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Yes, thanks, Lauren, happy to answer that. From our perspective, the metrics across the board on the Coffee System (sic) [Coffee Systems] are all flashing green. I think our understanding is that sometimes it's a complicated business that requires some thought from our perspective to tell you why we feel that way. And it's consistent with what we talked about in the March -- of a year-ago Investor Day as well as the follow-up analyst meeting that we had. So let me start at a higher level about the metrics that really matter on this business from management perspective, and then I want to drill specifically into household penetration, brewer sales and a little bit on what we see on pods. So our -- the way that we run this business is the 4 metrics that matter: our household penetration of the system, pod volume growth, KDP manufactured pod share and coffee system profitability. Every single one of those metrics is going in the right direction in a very significant way. Household penetration, up 7% in the past year to about 22% of households. There are now 28 million households in the United States that are using a Keurig brewer on a regular basis, and we still believe there's another 67 million households left for us to target. But a 7% growth in household penetration up to 28 million households is significant. Pod volume growth, up significantly. If you take a look at the pod -- K-Cup pod category in IRI plus 10% for the year, incredibly robust. KDP manufactured share, up a point to 82% as we talked about. And we gave you the list of partners that we've added over the past year, some of them very significant, several of them were unlicensed parties, and we haven't lost anyone in the past year. So that speaks to the forward-looking confidence we have in that. And then finally, coffee profitability. I'll get to brewer sales because then people are concerned about brewer sales which shows 0 correlation in the short term between household penetration and brewer sales, and we're going to give you the example of that right now. But also things like mix and pricing. We also have to look at Coffee Systems, even with the investment in pricing, grew margin in the fourth quarter by 240 basis points. And for the year, 290 basis points, which tells you that we also had incredible line of sight to productivity that we use to protect that pricing investment that we made. So those are the metrics that matter. Some of those are easier for you to get than others, but we're disclosing household penetration on an annual basis as we did today. And as Maria said, there's now a report available through IRI that will allow you to measure KDP manufactured pod shares. So those are all pointing in the right directions so that you can see the business the way that we do. Let me just talk about brewer sales for a minute. At a very high level, we talked in the past, kind of theoretically, that you could have a situation where brewer sales were up significantly but have little impact on household penetration because they were all replacements. Similarly, we talked about a theoretical scenario where brewers could be down significantly, yet household penetration was up because the replacement cycle was different, and they were all going to new households. We're more towards that in 2018 in the last quarter, which our brewer sales were down, but household penetration was way up. The reason underlying that is actually really good news. A higher percentage of the brewers sold went to new [households] versus replacement households. Why is that? Because the quality of the brewers is up significantly. You can see that by going online on Amazon or Walmart or anywhere else and look at the star ratings of the brewers and how much higher they were than those in the past. We also see it because we see significantly lower returns and significantly lower warranty claims. Those are really good for the P&L in addition to speaking towards a better mix of new users versus replacement users. And the other part is we know as one of the metrics that we track internally is that consumers are happier with their brewers. They don't break. And as a result, they're holding onto their brewers for longer. So we're in sort of this virtuous situation it's the opposite, I think, of being concerned. We're actually very bullish. Because of the quality of our brewers, we're driving household penetration. And ironically, it means that we're going to have some lower brewer sales in situations like we did in fourth quarter because nobody's -- fewer people are buying them to replace a broken brewer, that means happier consumers in the end. So net-net, we see these as all flashing green from that standpoint. Then the last thing I'll say on this point and apologies for the very long answer, but I think it's a really important question. In the past, when the company lost a significant amount of money on brewers, everybody wanted to model brewer sales because the more you sold, the bigger the negative impact on profitability. Similarly, if we made a lot of money on brewers, you'd want to know that because there'd be a direct correlation between sales going up and down and profitability. We're about breakeven, as we've talked about. So to be honest with you, brewer revenue going up or down has 0 impact on the profitability on our P&L. And the only thing that you guys would care about it for is a proxy for household penetration. And as I just went through in great detail, it's actually a poor proxy for household penetration. So short answer is, brewer revenue is really a meaningless metric in terms of our P&L as well as in indicating the health of the system.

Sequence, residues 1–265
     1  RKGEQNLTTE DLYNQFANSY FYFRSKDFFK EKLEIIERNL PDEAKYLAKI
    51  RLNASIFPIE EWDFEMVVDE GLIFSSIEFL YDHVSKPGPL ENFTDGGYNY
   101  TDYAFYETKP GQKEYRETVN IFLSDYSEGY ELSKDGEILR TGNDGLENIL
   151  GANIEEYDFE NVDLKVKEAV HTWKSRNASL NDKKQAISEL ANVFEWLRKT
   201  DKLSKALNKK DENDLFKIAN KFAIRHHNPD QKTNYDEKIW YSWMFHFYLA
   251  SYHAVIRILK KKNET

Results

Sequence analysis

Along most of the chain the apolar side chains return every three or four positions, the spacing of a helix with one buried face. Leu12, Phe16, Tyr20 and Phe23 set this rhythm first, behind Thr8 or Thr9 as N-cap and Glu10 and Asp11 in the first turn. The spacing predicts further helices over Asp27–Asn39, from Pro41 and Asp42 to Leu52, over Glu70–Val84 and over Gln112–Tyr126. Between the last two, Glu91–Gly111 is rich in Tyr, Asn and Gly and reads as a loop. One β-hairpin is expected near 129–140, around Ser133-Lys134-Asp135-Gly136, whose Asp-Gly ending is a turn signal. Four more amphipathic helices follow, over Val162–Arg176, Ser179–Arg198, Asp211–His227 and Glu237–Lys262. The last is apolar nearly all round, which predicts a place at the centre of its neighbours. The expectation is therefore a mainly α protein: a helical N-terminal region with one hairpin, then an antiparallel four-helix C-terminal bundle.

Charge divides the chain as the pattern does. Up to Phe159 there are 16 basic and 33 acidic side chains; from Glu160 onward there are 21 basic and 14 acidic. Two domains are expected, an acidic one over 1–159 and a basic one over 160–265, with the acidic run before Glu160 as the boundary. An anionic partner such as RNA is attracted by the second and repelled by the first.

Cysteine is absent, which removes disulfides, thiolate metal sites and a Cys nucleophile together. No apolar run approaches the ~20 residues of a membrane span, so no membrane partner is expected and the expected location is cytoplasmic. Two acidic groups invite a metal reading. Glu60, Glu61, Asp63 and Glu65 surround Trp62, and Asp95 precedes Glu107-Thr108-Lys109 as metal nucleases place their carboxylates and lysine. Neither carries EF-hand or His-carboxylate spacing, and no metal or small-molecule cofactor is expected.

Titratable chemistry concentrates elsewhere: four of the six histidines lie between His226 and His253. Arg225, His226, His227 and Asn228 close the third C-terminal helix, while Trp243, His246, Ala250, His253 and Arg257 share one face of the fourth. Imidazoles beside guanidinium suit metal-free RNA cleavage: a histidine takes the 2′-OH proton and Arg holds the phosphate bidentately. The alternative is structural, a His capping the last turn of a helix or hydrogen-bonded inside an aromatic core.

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Operator [4]